Hamid
March 27th, 2010
3:03 AM
The left has dropped all pretensions to liberalism and is now in bed with Islamic fascists. Its not so much their guilt feelings but the left and the fascist right's affinity for totalitarianism. As a muslim apostate I find it disgusting how leftists defend Islam and Islamic supremacy and Islamic racism.

Expedient
March 26th, 2010
7:03 PM
The point about fear and cowardice is well taken. But fear is not inherently cowardly, nor is realism. Islamic imperialist reaction is a real threat. But it is a long war, decades or centuries. And it may be necessary to lose some battles to win the war. The west may sacrifice Israel, the Jewish state, to appease militant Islam, for a while. And, for a while, it may work. Not forever, but long enough to regroup and win the war. That is tough on Israeli Jews, and has little to do with morality over expediency. But at least that is an honest and open position. The question is, does this make me an Islamophobe, anti-Zionist, or both?

Larry70
March 26th, 2010
1:03 PM
As always Cohen makes some telling points, except as always Cohen does not go far enough. It's obvious that in the years that Cohen has been regaling us with the horror stories of the Left's alliance and apologetics with the jihadists, he still fails to understand the religious dynamics and roots of the Jihad. Cohen still speaks of Islamists and extremists as divorced and removed from what he elsewhere calls "traditional Islam", and has dismissed those (ie usually rightwingers) who say Islam is inherently extremist as "dumb". Fact is Islam is inherently extremist, Cohen's denials to the contrary, this talk of Islamist and extremist is a Western construct, it is a false duality re extremists and Islam. There are moderate Muslims, plenty of them, but Islam is not moderate. How hard is it recognise this difference? Anybody (that is hardly anybody) with a basic knowledge of real Islam, its dogma and history knows that much, that Islam is inherently radical. A terrible truth, but one Cohen can no more face than the Left that he criticises for hopping into bed with the jihadists. I challenge Cohen to do something he never has, actually read up on the academic history and seriously scholarly writings on Islam (and apologists and liars like Karen Armstrong and J Esposito do not count). I'm not holding my breath though...

Stephen Fox
March 20th, 2010
9:03 PM
As you are a self-confessed Christian and Guardian reader, Humphrey Reader, I understand that your comments on Islamic extremism must necessarily be phrased in non-judgmental tones of gentle tolerance. But I take issue with the elision you make between bigotry, as demonstrated by your 'nutcase bishop' story, and Islamism. I actually could not care less what either bigoted Christians or Muslims think of me, or anyone else. What I object to is being murdered or threatened with murder. Currently, I know of no Christians killing or threatening to kill others for not sharing their faith. The same is not true of Islamists. Mr Cohen makes the difference perfectly clear. You seem to agree with his proposition, but in so mild a fashion that you might equally well disagree.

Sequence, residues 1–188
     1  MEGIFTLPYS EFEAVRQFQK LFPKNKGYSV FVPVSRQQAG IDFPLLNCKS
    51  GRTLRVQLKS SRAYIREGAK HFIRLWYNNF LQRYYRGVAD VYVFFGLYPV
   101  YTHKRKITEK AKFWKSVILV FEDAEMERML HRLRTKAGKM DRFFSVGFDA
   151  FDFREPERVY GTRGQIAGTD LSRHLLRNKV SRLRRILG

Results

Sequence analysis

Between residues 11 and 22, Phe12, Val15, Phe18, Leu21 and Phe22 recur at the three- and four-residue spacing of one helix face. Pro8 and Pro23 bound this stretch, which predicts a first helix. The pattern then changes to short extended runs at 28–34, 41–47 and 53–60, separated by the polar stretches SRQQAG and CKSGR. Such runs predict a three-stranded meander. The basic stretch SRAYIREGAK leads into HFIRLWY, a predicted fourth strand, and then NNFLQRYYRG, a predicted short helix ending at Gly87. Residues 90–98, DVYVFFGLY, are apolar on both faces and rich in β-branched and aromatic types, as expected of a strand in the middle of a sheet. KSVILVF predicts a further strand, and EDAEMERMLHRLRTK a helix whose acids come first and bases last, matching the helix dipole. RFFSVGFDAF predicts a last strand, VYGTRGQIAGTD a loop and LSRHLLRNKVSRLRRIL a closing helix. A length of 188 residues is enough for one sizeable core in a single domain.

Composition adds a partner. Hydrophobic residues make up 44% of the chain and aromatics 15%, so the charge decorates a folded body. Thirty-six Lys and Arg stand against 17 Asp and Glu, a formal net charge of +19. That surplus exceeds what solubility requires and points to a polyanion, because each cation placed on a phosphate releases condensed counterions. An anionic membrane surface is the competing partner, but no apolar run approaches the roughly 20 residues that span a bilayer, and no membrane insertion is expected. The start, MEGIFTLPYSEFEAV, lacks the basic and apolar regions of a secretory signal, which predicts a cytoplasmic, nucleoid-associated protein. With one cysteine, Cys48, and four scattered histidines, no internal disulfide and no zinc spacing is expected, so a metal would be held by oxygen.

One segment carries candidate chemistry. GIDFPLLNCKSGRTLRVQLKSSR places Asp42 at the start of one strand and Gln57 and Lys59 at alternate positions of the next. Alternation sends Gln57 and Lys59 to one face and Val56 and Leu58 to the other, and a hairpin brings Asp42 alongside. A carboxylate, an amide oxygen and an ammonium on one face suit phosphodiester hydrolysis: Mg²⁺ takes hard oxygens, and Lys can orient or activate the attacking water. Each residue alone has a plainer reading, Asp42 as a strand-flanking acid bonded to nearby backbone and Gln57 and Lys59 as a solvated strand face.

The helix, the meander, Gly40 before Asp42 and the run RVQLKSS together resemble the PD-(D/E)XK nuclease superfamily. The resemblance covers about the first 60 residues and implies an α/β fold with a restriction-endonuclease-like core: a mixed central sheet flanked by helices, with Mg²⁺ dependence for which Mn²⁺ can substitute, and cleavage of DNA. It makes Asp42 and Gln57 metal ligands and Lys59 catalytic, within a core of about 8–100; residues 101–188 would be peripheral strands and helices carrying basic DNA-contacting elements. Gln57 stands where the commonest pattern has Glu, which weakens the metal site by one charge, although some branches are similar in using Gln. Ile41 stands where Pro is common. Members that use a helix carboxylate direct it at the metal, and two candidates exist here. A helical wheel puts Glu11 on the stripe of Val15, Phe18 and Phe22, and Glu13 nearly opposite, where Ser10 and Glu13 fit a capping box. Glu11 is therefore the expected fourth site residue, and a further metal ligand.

windter
March 18th, 2010
2:03 PM
it is not a libel to say that Murray is an islamophobe. He's on record in 2006 saying that all immigration from muslim countries must stop, and he even suggested that muslims granted asylum should be removed from the country. In an article which bemoans left-wing Europeans having become blind to exremism, to ally one's self with Murray in this way is strange to say the least.

Phil
March 18th, 2010
1:03 PM
'What is the fifth word in the phrase "jefu wiboquw ewono ebun gip"?' I don't know, but it makes more sense than this article.

hexagone
March 12th, 2010
8:03 AM
Cameron: is this supposed to be funny? windter : denying immigration to someone is hardly on a par with stoning them to death.

Humphrey Reader
March 9th, 2010
8:03 PM
I don't know about Mr Cohen's 'anti-Muslim fanaticism' but I think there's little doubt there are strands in Islam that are highly illiberal (as there are in most if not all religions, mine (Christian) included). A pity, given the Islamic Enlightenment of mediaeval times which gave us 'algebra' amongst many other things - what happened to that? Islamic deniers of evolution need to be answered, fearlessly, in the same way as Christian ones - with the facts. Bigotry needs to be challenged whatever religious clothing it may be wearing. And that goes for Islamic bigotry just as much as Christian. Sorry, but I think a lot of Guardian readers, in their heart of hearts, know perfectly well this is true. At least, this Guardian reader does. The other problem of course is that religious extremists of whatever allegiance are always news. 'Christian nutcase bishop claims Cumbrian floods are God's judgement on homosexuality' - that's news. 'Christian teacher quietly and selflessly devotes life to kids with severe behaviour problems' - we have one such in our congregation - not news. Unfortunately.

Anonymous
March 2nd, 2010
11:03 AM
"The remainder of this piece is available in the magazine, out in the shops now" Nah, it's alright, I read his two latest books, and read his ob column - I've read it before

Post your comment

CAPTCHA
This question is for testing whether you are a human visitor and to prevent automated spam submissions.